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My existing wood fascia is about as old as the house (~12 years) and its time to scrape, sand and repaint as I have some serious peeling in some parts. This is AZ so no boards are rotting though. It looks like the boards were pretty rough and furry when installed so a good sand and prime may make them last longer than 10 years, I dunno (10 years is probably when they should have been painted).

I'm considering getting a composite trim board so I never have to do this again (or at least do it less frequently), anything that would be around $1-$2 per linear foot to replace 1x6 trim board would be good. Does anyone have experience with a good alternative material that will be lower maintenance? Or is it just a better deal to scrape and sand the existing wood if it's in good shape? Other than some warping that I'm going to have to fix all the boards appear to be in decent shape. I'm willing to pay a few hundred bucks for alternative boards if it means I don't have to do this again in 10 years.

  • Do you object to a metal wrap? That's the standard for maintenance-free fascias around here. It's very easy to install right over your existing fascia. They'd last 20-30 years or more. – isherwood Feb 13 '17 at 18:44
  • @isherwood - But I would still have to do the paint work to protect the wood from water damage right? – Ian Feb 13 '17 at 18:49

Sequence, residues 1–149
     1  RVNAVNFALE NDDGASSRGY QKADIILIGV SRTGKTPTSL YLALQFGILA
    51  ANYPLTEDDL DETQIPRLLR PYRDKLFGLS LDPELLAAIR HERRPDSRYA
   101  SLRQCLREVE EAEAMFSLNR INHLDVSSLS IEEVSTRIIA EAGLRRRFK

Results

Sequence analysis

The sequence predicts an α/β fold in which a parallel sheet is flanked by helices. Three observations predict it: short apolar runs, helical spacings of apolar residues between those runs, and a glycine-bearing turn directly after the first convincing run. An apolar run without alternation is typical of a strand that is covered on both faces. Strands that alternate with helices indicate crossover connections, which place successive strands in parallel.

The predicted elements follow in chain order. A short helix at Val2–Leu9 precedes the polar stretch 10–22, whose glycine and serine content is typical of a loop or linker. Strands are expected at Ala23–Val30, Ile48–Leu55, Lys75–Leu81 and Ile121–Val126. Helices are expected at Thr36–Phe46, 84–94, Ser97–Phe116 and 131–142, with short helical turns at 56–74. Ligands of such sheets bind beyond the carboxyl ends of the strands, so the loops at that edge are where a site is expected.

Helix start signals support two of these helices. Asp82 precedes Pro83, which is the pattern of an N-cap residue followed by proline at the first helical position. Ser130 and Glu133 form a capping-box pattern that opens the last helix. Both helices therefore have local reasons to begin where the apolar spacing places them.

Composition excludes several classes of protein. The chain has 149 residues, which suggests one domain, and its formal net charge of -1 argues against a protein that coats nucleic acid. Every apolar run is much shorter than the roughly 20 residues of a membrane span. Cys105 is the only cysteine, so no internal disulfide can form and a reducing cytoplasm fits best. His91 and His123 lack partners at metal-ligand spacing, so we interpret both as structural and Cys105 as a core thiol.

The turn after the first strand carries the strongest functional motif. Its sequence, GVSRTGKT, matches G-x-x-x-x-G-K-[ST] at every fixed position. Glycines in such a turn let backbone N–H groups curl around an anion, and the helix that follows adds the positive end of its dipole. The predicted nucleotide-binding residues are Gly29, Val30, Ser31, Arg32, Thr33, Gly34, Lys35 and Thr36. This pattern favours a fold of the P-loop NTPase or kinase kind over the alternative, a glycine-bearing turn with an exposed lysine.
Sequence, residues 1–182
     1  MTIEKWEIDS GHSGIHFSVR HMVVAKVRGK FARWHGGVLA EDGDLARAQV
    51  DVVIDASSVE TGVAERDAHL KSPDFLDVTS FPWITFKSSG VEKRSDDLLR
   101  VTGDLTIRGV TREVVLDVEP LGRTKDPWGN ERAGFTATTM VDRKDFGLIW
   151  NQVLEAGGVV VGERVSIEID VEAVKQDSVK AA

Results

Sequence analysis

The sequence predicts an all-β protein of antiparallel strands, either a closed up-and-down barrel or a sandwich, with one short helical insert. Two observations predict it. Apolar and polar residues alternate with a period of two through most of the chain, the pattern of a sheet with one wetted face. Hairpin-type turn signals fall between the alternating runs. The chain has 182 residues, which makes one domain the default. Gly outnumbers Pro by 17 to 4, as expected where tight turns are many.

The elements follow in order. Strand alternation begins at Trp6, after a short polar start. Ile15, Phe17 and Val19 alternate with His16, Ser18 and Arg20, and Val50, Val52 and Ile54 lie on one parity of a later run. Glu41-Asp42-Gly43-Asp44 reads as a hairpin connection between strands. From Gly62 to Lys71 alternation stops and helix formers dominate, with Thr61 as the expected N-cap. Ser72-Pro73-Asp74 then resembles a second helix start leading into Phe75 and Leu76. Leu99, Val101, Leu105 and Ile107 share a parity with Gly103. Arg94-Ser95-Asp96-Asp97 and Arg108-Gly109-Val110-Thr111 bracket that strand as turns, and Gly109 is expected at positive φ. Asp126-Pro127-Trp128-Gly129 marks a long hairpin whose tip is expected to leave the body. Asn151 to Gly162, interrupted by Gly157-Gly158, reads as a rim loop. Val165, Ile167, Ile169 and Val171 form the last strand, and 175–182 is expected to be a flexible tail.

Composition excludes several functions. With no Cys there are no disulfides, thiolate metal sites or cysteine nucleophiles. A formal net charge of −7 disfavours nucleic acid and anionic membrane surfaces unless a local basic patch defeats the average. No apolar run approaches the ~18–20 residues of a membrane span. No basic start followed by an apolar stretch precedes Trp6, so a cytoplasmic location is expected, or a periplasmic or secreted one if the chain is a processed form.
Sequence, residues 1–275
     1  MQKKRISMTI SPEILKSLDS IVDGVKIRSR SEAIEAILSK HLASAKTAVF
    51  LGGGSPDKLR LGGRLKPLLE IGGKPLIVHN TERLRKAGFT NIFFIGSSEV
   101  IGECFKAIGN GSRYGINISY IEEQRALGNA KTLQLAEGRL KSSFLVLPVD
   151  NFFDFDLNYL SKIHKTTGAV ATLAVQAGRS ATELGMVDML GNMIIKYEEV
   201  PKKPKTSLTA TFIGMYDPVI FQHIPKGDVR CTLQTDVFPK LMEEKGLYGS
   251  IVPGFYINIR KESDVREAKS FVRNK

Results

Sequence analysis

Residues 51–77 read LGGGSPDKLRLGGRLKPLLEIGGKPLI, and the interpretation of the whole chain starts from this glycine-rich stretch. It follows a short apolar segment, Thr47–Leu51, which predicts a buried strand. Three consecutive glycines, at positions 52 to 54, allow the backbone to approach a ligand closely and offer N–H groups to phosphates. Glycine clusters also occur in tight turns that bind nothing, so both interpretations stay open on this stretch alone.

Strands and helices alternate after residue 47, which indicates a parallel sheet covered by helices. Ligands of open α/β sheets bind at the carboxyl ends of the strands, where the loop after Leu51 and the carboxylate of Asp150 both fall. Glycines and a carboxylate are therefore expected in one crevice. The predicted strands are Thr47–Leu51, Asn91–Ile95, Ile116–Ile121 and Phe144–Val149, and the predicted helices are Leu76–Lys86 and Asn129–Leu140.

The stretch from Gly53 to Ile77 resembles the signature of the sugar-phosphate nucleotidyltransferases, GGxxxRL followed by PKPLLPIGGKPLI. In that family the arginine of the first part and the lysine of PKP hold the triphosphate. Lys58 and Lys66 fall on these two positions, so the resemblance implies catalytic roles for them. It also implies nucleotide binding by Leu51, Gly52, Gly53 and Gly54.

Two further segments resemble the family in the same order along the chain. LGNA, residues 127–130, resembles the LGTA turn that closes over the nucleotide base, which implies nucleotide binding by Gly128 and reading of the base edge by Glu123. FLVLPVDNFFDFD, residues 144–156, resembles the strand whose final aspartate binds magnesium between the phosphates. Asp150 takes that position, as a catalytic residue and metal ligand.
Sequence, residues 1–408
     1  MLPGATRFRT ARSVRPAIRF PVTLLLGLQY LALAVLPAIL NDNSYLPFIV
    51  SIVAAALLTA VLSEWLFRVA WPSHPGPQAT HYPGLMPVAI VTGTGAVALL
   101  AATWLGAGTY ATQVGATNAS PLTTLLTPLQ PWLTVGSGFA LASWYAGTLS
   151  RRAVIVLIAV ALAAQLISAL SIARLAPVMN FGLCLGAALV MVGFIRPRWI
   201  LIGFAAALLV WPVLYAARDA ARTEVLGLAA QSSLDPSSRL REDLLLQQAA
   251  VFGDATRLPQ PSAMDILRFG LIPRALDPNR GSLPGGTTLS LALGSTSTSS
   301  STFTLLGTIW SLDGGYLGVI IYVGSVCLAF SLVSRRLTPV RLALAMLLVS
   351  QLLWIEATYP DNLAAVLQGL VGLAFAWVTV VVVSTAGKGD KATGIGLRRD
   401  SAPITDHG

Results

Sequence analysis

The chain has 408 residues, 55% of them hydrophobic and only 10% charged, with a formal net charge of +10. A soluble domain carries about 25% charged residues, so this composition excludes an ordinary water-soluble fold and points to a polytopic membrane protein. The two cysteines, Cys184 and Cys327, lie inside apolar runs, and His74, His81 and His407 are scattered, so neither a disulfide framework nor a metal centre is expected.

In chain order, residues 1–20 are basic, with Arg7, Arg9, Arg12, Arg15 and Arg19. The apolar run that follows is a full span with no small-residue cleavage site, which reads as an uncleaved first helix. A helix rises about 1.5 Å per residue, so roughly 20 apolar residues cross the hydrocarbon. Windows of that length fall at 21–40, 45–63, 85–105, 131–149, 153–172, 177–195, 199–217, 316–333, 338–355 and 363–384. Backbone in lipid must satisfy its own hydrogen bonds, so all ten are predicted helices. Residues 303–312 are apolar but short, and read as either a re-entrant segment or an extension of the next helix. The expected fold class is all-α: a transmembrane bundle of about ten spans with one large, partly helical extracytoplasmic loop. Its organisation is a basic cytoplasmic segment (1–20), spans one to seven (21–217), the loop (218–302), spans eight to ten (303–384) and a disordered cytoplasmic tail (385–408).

• Nope. It's installed right over raw lumber. – isherwood Feb 13 '17 at 19:13
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Assuming that you have one-by (3/4" nominal) fascia, I'd install steel wraps. They're commonly used in my area's harsh climate for an attractive, maintenance-free finish. Two sizes are available (for 6" and 8" fascias), but you could trim the top edge as needed for non-standard heights. The only preparation you'd need to do with your existing fascia would be to flatten out any warpage and replace any rotten areas with raw pine lumber.

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Be aware that this product is installed by sliding it under a metal roof edge, and that it's nailed upward from the bottom along the narrow edge. Nailing the face (other than at joints, where needed) results in dimples that stand out in certain lighting conditions. Lap pieces such that the lap is less visible from entryways, etc., and so that water flows properly on rakes.

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    It's also impervious to woodpeckers, if that's a problem for you! – CoAstroGeek Feb 13 '17 at 20:34

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